The explosive growth in artificial intelligence in recent years — crowned with the meteoric rise of generative AI chatbots like ChatGPT — has seen the technology take on many tasks that, formerly, only human minds could handle. But despite their increasingly capable linguistic computations, these machine learning systems remain surprisingly inept at making the sorts of cognitive leaps and logical deductions that even the average teenager can consistently get right.
In this week's Hitting the Books excerpt, A Brief History of Intelligence: Evolution, AI, and the Five Breakthroughs That Made Our Brains, AI entrepreneur Max Bennett explores the quizzical gap in computer competency by exploring the development of the organic machine AIs are modeled after: the human brain.
Focusing on the five evolutionary "breakthroughs," amidst myriad genetic dead ends and unsuccessful offshoots, that led our species to our modern minds, Bennett also shows that the same advancements that took humanity eons to evolve can be adapted to help guide development of the AI technologies of tomorrow. In the excerpt below, we take a look at how generative AI systems like GPT-3 are built to mimic the predictive functions of the neocortex, but still can't quite get a grasp on the vagaries of human speech.
Excerpted from A Brief History of Intelligence: Evolution, AI, and the Five Breakthroughs That Made Our Brains by Max Bennett. Published by Mariner Books. Copyright © 2023 by Max Bennett. All rights reserved.
Words Without Inner Worlds
GPT-3 is given word after word, sentence after sentence, paragraph after paragraph. During this long training process, it tries to predict the next word in any of these long streams of words. And with each prediction, the weights of its gargantuan neural network are nudged ever so slightly toward the right answer. Do this an astronomical number of times, and eventually GPT-3 can automatically predict the next word based on a prior sentence or paragraph. In principle, this captures at least some fundamental aspect of how language works in the human brain. Consider how automatic it is for you to predict the next symbol in the following phrases:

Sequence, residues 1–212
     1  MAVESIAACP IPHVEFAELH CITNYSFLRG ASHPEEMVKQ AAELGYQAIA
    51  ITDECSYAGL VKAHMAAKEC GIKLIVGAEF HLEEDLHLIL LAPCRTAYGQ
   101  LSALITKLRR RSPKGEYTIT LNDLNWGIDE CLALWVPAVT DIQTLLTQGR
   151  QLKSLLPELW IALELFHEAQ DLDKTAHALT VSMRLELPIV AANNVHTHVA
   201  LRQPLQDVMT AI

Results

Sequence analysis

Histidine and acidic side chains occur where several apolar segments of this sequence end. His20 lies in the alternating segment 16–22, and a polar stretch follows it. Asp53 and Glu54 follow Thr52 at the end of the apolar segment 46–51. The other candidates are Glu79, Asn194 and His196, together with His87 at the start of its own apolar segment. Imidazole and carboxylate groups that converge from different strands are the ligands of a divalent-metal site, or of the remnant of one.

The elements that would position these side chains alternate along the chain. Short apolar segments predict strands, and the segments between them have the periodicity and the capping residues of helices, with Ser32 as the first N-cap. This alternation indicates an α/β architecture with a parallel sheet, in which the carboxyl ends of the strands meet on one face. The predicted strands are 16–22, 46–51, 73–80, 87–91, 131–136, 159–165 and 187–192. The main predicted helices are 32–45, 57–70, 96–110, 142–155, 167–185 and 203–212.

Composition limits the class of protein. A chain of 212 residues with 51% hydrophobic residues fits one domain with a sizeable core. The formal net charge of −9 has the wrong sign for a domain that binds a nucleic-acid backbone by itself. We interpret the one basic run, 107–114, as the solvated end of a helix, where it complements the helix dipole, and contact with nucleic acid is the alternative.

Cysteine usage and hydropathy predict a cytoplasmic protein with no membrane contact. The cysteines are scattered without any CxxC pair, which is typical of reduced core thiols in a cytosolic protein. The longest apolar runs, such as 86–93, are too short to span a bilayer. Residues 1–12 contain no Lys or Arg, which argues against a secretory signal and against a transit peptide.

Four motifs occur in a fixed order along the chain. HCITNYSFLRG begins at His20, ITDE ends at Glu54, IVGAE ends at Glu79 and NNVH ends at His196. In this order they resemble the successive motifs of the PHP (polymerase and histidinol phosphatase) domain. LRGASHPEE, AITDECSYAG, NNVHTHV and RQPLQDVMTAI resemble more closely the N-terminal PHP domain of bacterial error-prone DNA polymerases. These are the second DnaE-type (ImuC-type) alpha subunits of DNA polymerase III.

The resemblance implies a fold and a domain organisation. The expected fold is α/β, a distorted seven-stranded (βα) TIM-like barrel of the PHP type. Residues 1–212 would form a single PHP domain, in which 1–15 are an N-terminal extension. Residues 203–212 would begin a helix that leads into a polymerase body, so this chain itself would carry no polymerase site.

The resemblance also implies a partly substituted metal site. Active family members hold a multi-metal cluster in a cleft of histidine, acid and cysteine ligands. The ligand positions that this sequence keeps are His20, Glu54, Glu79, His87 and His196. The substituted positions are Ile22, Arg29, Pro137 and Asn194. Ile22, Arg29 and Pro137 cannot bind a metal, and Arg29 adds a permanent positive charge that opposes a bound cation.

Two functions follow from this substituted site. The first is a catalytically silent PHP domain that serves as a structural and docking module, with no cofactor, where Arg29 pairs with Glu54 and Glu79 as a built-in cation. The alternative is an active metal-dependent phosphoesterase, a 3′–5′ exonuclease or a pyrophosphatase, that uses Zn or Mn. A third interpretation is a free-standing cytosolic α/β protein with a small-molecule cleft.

One plus one equals _____
Roses are red, violets are _____
You’ve seen similar sentences endless times, so your neocortical machinery automatically predicts what word comes next. What makes GPT-3 impressive, however, is not that it just predicts the next word of a sequence it has seen a million times — that could be accomplished with nothing more than memorizing sentences. What is impressive is that GPT-3 can be given a novel sequence that it has never seen before and still accurately predict the next word. This, too, clearly captures something that the human brain can _____.
Could you predict that the next word was do? I’m guessing you could, even though you had never seen that exact sentence before. The point is that both GPT-3 and the neocortical areas for language seem to be engaging in prediction. Both can generalize past experiences, apply them to new sentences, and guess what comes next.
GPT-3 and similar language models demonstrate how a web of neurons can reasonably capture the rules of grammar, syntax, and context if it is given sufficient time to learn. But while this shows that prediction is part of the mechanisms of language, does this mean that prediction is all there is to human language? Try to finish these four questions:
If 3x + 1 = 3, then x equals _____
I am in my windowless basement, and I look toward the sky, and I see _____
He threw the baseball 100 feet above my head, I reached my hand up to catch it, jumped, and _____
I am driving as fast as I can to LA from New York. One hour after passing through Chicago, I finally _____
Here something different happens. In the first question, you likely paused and performed some mental arithmetic before being able to answer the question. In the other questions, you probably, even for only a split second, paused to visualize yourself in a basement looking upward, and realized what you would see is the ceiling. Or you visualized yourself trying to catch a baseball a hundred feet above your head. Or you imagined yourself one hour past Chicago and tried to find where you would be on a mental map of America. With these types of questions, more is happening in your brain than merely the automatic prediction of words.